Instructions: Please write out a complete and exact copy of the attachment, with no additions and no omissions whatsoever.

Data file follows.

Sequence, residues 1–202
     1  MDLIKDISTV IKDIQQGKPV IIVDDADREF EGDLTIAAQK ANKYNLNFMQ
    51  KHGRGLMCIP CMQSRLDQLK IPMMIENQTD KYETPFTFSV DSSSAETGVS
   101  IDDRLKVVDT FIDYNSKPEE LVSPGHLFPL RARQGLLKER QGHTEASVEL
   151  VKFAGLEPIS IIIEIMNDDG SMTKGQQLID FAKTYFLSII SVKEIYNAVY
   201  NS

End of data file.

Sequence, residues 1–202
     1  MDLIKDISTV IKDIQQGKPV IIVDDADREF EGDLTIAAQK ANKYNLNFMQ
    51  KHGRGLMCIP CMQSRLDQLK IPMMIENQTD KYETPFTFSV DSSSAETGVS
   101  IDDRLKVVDT FIDYNSKPEE LVSPGHLFPL RARQGLLKER QGHTEASVEL
   151  VKFAGLEPIS IIIEIMNDDG SMTKGQQLID FAKTYFLSII SVKEIYNAVY
   201  NS